Shire wants more power under planning laws


MORNINGTON Peninsula Shire is taking the lead role in pressing the state government to make it easier for municipalities to enforce planning and environment regulations.

Under the Planning and Environment Act 1987 shire officers cannot stop work or force breaches to be rectified.

The officers have told councillors the cost and time of enforcing the act is being played “for clear commercial advantage”.

They can negotiate, issue $800-$1600 fines or apply to the Victorian Civil and Administrative Tribunal for enforcement orders or embark on costly and time-wasting court cases, where fines can go as high as $180,000.

The shire wants to be able to call a halt to works judged to be in breach of the act, as can be done under the building, public health and wellbeing and the local government acts.

“This system often sees matters take from months to years to have a planning compliance investigation resolved via the Magistrates court and then VCAT,” shire officers told councillors at their Tuesday 28 January meeting.

The officers’ report was made following a notice of motion lodged by Cr David Gill seeking to give municipalities greater power under the planning and environment act.

Issues flowing on from shortcomings in the act included:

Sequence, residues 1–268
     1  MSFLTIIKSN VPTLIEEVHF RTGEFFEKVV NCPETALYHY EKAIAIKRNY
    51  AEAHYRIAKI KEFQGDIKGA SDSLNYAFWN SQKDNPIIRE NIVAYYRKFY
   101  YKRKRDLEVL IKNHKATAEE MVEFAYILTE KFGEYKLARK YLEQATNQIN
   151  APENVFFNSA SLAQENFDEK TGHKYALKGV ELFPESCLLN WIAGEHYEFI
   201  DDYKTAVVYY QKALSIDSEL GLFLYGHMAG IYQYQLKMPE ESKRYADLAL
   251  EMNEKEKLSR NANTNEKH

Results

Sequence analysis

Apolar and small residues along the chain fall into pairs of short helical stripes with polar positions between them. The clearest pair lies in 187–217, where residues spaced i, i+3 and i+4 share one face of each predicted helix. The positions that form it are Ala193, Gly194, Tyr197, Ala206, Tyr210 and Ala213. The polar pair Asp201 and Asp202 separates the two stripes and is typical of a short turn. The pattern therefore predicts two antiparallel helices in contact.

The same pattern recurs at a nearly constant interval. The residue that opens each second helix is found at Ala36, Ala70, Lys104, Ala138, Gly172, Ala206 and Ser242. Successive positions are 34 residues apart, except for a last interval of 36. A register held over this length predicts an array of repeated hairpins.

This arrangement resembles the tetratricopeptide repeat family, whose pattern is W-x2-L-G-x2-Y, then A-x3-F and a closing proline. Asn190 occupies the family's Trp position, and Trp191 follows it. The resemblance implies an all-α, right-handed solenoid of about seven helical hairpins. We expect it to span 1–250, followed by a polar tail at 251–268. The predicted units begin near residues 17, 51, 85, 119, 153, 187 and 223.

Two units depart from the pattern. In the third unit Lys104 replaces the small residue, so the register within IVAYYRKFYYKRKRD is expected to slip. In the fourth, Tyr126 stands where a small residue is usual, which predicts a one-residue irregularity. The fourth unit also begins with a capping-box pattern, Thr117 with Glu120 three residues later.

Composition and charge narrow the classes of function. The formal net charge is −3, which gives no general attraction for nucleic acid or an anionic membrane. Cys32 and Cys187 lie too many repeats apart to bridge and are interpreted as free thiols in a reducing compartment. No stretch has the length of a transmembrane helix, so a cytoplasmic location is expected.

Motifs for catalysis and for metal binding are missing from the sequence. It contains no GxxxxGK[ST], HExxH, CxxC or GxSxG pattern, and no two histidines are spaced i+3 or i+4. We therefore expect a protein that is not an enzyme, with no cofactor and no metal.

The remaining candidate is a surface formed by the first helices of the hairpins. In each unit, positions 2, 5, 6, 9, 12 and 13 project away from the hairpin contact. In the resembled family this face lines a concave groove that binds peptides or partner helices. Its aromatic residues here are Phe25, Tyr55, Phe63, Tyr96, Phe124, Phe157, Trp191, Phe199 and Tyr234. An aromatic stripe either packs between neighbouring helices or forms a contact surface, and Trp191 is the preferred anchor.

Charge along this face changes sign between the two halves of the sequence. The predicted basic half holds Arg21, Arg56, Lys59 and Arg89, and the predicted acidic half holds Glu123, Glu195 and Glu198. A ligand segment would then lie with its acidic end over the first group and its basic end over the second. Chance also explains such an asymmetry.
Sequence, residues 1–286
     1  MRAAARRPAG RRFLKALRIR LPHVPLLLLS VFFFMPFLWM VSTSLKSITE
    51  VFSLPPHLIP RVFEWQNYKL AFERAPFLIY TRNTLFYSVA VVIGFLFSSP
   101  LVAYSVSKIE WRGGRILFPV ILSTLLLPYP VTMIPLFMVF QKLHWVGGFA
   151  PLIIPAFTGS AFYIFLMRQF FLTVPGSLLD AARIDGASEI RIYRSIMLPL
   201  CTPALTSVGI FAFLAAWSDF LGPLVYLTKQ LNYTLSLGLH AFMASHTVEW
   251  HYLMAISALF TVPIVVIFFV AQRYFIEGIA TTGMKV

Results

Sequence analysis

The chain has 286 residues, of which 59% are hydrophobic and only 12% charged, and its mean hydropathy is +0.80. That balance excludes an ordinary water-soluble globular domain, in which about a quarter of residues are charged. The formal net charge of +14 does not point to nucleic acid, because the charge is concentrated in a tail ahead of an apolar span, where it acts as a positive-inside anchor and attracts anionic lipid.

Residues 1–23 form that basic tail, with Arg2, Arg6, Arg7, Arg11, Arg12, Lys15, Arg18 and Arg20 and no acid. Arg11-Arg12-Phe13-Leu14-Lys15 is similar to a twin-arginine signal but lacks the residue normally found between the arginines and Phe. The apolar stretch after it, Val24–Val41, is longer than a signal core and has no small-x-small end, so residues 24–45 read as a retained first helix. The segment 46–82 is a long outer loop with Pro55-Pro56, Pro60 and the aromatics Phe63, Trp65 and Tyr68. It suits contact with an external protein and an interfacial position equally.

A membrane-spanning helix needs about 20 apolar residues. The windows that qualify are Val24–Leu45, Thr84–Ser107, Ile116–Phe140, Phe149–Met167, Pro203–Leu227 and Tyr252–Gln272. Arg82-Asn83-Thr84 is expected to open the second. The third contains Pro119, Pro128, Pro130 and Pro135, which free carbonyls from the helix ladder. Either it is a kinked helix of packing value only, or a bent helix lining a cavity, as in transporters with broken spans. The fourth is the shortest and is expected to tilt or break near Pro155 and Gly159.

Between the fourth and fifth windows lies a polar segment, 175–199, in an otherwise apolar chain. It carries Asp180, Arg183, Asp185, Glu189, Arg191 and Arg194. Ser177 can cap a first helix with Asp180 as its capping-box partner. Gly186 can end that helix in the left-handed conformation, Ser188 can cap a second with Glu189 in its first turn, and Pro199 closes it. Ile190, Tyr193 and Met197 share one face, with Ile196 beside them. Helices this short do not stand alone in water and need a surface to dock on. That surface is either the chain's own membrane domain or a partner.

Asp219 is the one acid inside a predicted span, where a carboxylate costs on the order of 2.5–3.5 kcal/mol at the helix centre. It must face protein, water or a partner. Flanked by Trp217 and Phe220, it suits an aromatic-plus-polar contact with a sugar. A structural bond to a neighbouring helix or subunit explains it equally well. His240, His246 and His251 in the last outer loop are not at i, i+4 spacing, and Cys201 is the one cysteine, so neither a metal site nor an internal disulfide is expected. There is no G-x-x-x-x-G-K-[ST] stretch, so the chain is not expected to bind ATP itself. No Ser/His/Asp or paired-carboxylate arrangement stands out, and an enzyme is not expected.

• The breach being allowed to continue for too long;
  • The situation changing or getting worse before any action can be taken; and,
  • Time and cost pressures.

“Not only would a change in the act enable councils to carry out statutory planning duties quicker, but would likely assist unclogging the overwhelmed [VCAT] and courts with potentially unnecessary matters,” the officers’ background report stated.

The report estimated it would cost the up to $9000 to draw up a plan advocating the government change the Planning and Environment Act 1987.

Councillors want a report by April outlining a “clear advocacy and action plan on the problems associated with planning compliance and the lack of powers provided to all councils”.

The plan will also give examples of how the system “hinders our ability to enforce planning permit conditions in a timely manner due to state government sanctioned processes that ensure long delays and heavy costs to our community and council, even when urgent health and safety concerns are involved”.

The shire will also send a copy to the Municipal Association of Victoria and all Victorian municipalities seeking “their support in our advocacy for reforms” of the system.

First published in the Southern Peninsula News – 4 February 2020


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